Redundancy: Legal Obligations for Employers

A genuine redundancy occurs when an employee’s job position is no longer required because of changes in the requirements of the business and the employer has complied with any obligation imposed by an applicable modern award or enterprise agreement to consult about the redundancy.

Termination of employment is not a genuine redundancy if the employer does not follow the relevant requirements to consult under the applicable award or enterprise agreement or if the position in question is still required and the employer simply hires someone else to work in the same or similar position.

The termination is also not a genuine redundancy if it would have been reasonable in the circumstances to redeploy the person within the employer’s business or the business of an associated entity of the employer.

If your business does require the position to be filled, but it’s simply a case of you don’t think the employee is a good fit – that’s not a genuine redundancy. It must be clearly established that the role itself is no longer required by the business for a genuine redundancy to be established.

Consulting requirements

The consultation process establishes the actions an employer is required to take when there are changes to the business that are likely to result in redundancies.

Once a decision has been made to make an employee’s position redundant, the employer must commence the consultation process as soon as possible.

All award and enterprise agreements have some form of consultation process in relation to redundancies. Even if no award or enterprise agreement applies, it is still best practice to consult a lawyer in order to reduce the risk of an unfair dismissal claim.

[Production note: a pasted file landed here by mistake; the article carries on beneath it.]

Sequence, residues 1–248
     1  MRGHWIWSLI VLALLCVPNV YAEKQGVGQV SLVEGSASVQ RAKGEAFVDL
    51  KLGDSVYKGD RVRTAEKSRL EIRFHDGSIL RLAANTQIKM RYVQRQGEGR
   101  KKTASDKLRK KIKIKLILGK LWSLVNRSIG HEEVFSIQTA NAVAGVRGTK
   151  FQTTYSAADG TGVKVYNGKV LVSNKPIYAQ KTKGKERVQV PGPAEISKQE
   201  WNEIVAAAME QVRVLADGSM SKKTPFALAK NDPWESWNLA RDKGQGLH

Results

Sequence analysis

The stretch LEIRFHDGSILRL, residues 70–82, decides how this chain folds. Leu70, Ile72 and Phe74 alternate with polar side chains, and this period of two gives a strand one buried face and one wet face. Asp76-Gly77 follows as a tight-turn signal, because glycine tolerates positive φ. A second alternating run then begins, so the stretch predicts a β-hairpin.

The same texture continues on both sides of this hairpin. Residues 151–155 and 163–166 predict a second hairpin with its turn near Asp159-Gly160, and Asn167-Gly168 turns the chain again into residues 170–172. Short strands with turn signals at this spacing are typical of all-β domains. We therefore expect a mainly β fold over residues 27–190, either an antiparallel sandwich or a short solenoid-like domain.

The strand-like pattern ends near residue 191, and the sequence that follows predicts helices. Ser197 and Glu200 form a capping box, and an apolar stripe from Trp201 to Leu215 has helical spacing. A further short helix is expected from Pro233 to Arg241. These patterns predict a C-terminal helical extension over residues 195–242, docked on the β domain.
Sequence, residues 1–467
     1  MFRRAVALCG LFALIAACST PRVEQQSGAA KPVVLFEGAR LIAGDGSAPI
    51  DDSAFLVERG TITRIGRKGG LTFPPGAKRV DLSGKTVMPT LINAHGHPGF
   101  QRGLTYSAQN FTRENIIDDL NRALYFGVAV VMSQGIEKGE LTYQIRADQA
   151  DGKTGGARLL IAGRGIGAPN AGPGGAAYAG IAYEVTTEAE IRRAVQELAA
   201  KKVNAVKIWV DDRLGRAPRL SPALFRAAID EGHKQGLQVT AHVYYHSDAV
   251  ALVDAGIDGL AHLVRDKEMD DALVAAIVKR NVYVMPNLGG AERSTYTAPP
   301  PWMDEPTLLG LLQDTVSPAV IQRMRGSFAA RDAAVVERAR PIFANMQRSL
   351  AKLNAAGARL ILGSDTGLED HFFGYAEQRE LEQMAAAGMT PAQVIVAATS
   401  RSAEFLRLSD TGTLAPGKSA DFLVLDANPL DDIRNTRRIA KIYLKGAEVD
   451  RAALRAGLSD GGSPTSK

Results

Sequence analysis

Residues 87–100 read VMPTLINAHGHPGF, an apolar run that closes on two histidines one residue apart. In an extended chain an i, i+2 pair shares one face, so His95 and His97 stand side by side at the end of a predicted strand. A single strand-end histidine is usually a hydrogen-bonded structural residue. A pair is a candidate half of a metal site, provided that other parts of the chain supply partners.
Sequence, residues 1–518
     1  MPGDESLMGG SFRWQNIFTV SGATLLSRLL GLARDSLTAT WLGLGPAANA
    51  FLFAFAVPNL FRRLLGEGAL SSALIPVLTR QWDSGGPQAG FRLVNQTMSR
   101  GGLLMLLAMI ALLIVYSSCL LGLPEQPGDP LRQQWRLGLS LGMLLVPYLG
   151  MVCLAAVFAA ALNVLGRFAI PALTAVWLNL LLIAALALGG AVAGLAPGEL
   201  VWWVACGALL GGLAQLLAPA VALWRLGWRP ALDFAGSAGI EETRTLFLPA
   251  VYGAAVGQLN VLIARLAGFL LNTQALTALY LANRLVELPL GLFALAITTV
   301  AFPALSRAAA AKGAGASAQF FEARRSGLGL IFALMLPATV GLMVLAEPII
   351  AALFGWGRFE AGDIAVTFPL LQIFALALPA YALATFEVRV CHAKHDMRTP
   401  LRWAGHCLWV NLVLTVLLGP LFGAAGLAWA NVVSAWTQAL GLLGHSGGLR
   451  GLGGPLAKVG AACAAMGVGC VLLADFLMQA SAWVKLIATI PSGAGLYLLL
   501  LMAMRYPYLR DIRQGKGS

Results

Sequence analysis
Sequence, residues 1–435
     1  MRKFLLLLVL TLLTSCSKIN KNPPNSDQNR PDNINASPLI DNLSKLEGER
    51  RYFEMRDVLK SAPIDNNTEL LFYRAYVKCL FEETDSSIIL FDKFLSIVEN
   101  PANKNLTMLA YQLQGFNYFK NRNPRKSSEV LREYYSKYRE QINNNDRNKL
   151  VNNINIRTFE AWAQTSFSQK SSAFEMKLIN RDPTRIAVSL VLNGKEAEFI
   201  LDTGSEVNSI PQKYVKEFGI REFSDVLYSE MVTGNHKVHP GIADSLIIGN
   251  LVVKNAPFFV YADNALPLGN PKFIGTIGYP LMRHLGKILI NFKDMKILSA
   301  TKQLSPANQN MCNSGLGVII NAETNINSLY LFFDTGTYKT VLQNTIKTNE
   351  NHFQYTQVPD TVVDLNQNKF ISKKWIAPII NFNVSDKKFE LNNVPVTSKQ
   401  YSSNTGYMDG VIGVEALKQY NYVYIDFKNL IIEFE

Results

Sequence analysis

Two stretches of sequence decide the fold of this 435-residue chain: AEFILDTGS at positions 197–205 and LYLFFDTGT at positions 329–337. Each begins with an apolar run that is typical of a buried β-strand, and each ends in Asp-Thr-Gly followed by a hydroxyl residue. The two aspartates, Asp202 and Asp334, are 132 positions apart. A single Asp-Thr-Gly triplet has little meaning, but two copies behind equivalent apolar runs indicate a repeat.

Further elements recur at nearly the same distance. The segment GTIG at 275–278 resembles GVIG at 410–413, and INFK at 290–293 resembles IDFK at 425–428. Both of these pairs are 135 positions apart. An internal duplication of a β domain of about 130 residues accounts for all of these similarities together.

Generally, consultation requirements include:

  • Notifying employees who may be affected by proposed changes to the business;
  • Providing employees with information about the above changes and what the effect of the changes is expected to be;
  • Discussing steps taken to avoid and minimise negative effects on the employees; and
  • Taking employees comments or suggestions about the changes into account.

Redundancy notice

If you decide to proceed with making an employee’s position redundant, you must provide the employee with written notice of termination indicating the last day of the employee’s employment. You can either elect to have the employee work throughout the notice period or, depending on the terms of your contract, pay the employee for the length of the notice period. This would be paid at the employee’s pay rate, including loadings, overtime and penalty rates.

The relevant employment agreement should state the amount of notice you are required to provide, but at the very least, it must be no less than the following minimum notice period required under the National Employment Scheme. Keep in mind that employees over 45 years old who have been employed for two years must be given an extra week of notice.

Period of continuous service  Minimum notice period
1 year or less 1 week
More than 1 year – 3 years 2 weeks
More than 3 years – 5 years 3 weeks
More than 5 years 4 weeks




Redundancy payment

If your employee’s position is made redundant, unless they fall in one of the categories of employees listed below, the employee will be entitled to receive redundancy pay.

The amount of redundancy pay will be determined by the amount of continuous service the employee has worked for the business. The amount paid will be calculated at the employee’s base rate for the ordinary hours worked.

An employee’s base rate doesn’t include:

  • bonuses